The signal_free_time is the number of data bit periods that the adapter should wait when the line is free before attempting to send a message. This value depends on whether this transmit is a retry, a message from a new initiator or a new message for the same initiator. Most hardware will handle this automatically, but in some cases this information is needed.

The CEC_FREE_TIME_TO_USEC macro can be used to convert signal_free_time to microseconds (one data bit period is 2.4 ms).

To log the current CEC hardware status:

void (*adap_status)(struct cec_adapter *adap, struct seq_file *file);

This optional callback can be used to show the status of the CEC hardware. The status is available through debugfs: cat /sys/kernel/debug/cec/cecX/status

Your adapter driver will also have to react to events (typically interrupt driven) by calling into the framework in the following situations:

When a transmit finished (successfully or otherwise):

void cec_transmit_done(struct cec_adapter *adap, u8 status, u8 arb_lost_cnt,
u8 nack_cnt, u8 low_drive_cnt, u8 error_cnt);

The status can be one of:

CEC_TX_STATUS_OK:
the transmit was successful.
CEC_TX_STATUS_ARB_LOST:
arbitration was lost: another CEC initiator took control of the CEC line and you lost the arbitration.
CEC_TX_STATUS_NACK:
the message was nacked (for a directed message) or acked (for a broadcast message). A retransmission is needed.
CEC_TX_STATUS_LOW_DRIVE:
low drive was detected on the CEC bus. This indicates that a follower detected an error on the bus and requested a retransmission.
CEC_TX_STATUS_ERROR:
some unspecified error occurred: this can be one of the previous two if the hardware cannot differentiate or something else entirely.
CEC_TX_STATUS_MAX_RETRIES:
could not transmit the message after trying multiple times. Should only be set by the driver if it has hardware support for retrying messages. If set, then the framework assumes that it doesn’t have to make another attempt to transmit the message since the hardware did that already.

The *_cnt arguments are the number of error conditions that were seen. This may be 0 if no information is available. Drivers that do not support hardware retry can just set the counter corresponding to the transmit error to 1, if the hardware does support retry then either set these counters to 0 if the hardware provides no feedback of which errors occurred and how many times, or fill in the correct values as reported by the hardware.

When a CEC message was received:

void cec_received_msg(struct cec_adapter *adap, struct cec_msg *msg);

Speaks for itself.

11.4. Implementing the interrupt handler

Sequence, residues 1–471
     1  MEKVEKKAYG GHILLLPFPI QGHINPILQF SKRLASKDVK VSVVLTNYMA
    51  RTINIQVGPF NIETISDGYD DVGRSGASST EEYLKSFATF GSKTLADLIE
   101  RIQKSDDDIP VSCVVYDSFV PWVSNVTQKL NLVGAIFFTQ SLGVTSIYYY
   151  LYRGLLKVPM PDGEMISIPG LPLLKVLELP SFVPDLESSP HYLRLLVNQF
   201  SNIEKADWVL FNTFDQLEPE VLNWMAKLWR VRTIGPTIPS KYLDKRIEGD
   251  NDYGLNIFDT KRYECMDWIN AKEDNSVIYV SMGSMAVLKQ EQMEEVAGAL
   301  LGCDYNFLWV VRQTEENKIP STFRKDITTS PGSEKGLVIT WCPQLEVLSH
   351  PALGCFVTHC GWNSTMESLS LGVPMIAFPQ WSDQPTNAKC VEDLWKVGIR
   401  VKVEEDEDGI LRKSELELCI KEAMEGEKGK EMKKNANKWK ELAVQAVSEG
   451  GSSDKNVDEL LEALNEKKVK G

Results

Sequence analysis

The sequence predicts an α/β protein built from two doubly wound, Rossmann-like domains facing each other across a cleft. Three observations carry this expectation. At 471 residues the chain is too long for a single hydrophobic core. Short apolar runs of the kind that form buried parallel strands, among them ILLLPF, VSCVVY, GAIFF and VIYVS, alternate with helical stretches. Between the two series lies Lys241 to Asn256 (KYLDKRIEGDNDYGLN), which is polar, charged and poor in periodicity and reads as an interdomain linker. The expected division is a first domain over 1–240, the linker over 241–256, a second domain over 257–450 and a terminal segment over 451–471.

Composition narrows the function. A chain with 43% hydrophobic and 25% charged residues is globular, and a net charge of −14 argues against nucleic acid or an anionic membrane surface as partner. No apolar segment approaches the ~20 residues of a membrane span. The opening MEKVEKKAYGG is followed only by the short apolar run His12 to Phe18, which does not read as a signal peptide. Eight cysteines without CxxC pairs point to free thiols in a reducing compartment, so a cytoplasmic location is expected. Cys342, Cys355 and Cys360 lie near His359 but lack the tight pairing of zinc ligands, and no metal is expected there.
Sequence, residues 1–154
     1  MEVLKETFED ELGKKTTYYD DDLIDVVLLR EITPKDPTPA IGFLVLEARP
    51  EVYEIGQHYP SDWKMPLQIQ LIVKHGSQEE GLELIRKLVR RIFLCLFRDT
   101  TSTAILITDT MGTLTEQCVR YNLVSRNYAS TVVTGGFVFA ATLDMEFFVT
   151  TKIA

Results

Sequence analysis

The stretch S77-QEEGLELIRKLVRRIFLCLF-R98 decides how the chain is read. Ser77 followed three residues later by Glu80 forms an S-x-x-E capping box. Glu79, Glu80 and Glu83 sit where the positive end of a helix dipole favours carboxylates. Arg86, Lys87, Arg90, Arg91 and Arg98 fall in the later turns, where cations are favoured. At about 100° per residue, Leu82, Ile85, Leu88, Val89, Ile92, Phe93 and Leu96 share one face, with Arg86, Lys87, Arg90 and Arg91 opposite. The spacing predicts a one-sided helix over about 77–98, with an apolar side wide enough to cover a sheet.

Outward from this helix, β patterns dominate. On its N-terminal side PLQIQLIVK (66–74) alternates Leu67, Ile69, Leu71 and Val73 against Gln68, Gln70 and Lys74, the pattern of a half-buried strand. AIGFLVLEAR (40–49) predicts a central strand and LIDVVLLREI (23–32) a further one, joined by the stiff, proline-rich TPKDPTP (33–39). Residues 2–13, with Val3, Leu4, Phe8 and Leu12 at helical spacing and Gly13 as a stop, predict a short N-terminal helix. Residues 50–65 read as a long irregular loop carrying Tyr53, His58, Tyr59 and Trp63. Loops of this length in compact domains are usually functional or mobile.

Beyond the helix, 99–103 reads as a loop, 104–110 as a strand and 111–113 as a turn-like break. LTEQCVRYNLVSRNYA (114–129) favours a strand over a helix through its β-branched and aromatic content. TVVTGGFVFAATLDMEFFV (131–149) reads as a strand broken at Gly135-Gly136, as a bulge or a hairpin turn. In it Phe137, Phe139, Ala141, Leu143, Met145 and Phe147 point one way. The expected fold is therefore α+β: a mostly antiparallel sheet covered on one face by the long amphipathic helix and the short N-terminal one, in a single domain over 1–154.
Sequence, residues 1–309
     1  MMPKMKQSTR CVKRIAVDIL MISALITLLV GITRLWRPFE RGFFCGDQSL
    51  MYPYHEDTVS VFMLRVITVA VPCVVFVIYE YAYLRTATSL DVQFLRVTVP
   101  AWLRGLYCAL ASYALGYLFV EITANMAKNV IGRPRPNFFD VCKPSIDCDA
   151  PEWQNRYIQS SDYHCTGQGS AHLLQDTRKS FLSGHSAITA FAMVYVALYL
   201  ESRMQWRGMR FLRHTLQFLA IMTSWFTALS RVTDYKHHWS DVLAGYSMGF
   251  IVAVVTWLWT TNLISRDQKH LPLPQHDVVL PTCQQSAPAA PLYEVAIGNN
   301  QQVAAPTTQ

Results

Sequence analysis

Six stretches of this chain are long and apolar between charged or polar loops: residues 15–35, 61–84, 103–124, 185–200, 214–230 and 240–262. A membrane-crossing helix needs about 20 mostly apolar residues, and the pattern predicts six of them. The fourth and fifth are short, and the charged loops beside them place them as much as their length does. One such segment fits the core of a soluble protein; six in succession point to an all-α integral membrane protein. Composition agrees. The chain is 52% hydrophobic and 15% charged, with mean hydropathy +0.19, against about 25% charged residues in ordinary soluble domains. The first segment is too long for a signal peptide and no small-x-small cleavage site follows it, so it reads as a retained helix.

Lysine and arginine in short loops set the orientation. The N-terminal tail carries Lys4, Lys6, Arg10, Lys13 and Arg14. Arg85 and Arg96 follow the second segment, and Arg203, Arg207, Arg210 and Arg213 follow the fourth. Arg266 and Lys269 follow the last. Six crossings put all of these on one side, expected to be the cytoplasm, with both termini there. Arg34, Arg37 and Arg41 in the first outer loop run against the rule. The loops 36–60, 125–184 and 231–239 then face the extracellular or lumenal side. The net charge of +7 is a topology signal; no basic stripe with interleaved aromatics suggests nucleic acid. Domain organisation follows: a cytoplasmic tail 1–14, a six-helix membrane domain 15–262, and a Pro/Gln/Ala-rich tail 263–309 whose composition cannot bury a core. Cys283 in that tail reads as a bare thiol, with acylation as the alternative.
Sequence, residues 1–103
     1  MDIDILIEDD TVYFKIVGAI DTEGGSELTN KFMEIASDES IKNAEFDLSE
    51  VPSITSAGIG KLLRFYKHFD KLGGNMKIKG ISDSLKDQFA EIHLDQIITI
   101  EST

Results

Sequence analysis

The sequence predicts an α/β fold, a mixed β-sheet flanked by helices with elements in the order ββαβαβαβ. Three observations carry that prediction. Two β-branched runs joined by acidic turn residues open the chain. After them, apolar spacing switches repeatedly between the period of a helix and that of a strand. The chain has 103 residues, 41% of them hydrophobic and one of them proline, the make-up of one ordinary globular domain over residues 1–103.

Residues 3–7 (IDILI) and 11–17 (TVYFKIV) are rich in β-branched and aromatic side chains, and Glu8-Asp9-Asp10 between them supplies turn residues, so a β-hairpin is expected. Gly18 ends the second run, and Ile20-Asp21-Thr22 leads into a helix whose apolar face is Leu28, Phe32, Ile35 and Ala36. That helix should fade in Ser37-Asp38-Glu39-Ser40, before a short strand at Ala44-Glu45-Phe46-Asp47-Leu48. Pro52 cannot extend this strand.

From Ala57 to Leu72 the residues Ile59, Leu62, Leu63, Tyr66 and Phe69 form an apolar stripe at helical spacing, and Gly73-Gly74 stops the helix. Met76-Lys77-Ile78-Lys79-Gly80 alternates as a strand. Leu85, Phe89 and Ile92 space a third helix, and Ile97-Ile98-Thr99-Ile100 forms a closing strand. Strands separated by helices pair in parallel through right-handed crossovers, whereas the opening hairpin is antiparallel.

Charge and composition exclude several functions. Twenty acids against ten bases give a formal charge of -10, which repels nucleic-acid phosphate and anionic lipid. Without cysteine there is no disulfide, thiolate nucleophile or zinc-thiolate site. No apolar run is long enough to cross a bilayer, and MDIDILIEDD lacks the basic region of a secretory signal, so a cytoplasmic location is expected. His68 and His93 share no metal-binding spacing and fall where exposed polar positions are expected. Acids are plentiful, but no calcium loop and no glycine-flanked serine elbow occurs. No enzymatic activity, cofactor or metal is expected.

Typically the CEC hardware provides interrupts that signal when a transmit finished and whether it was successful or not, and it provides and interrupt when a CEC message was received.

The CEC driver should always process the transmit interrupts first before handling the receive interrupt. The framework expects to see the cec_transmit_done call before the cec_received_msg call, otherwise it can get confused if the received message was in reply to the transmitted message.

11.5. Implementing the High-Level CEC Adapter

The low-level operations drive the hardware, the high-level operations are CEC protocol driven. The following high-level callbacks are available:

struct cec_adap_ops {
        /* Low-level callbacks */
        ...

        /* High-level CEC message callback */
        int (*received)(struct cec_adapter *adap, struct cec_msg *msg);
};

The received() callback allows the driver to optionally handle a newly received CEC message

int (*received)(struct cec_adapter *adap, struct cec_msg *msg);

If the driver wants to process a CEC message, then it can implement this callback. If it doesn’t want to handle this message, then it should return -ENOMSG, otherwise the CEC framework assumes it processed this message and it will not do anything with it.

11.6. CEC framework functions

CEC Adapter drivers can call the following CEC framework functions:

int cec_transmit_msg(struct cec_adapter *adap, struct cec_msg *msg,
bool block);

Transmit a CEC message. If block is true, then wait until the message has been transmitted, otherwise just queue it and return.

void cec_s_phys_addr(struct cec_adapter *adap, u16 phys_addr,
bool block);

Change the physical address. This function will set adap->phys_addr and send an event if it has changed. If cec_s_log_addrs() has been called and the physical address has become valid, then the CEC framework will start claiming the logical addresses. If block is true, then this function won’t return until this process has finished.

When the physical address is set to a valid value the CEC adapter will be enabled (see the adap_enable op). When it is set to CEC_PHYS_ADDR_INVALID, then the CEC adapter will be disabled. If you change a valid physical address to another valid physical address, then this function will first set the address to CEC_PHYS_ADDR_INVALID before enabling the new physical address.

int cec_s_log_addrs(struct cec_adapter *adap,
struct cec_log_addrs *log_addrs, bool block);

Claim the CEC logical addresses. Should never be called if CEC_CAP_LOG_ADDRS is set. If block is true, then wait until the logical addresses have been claimed, otherwise just queue it and return. To unconfigure all logical addresses call this function with log_addrs set to NULL or with log_addrs->num_log_addrs set to 0. The block argument is ignored when unconfiguring. This function will just return if the physical address is invalid. Once the physical address becomes valid, then the framework will attempt to claim these logical addresses.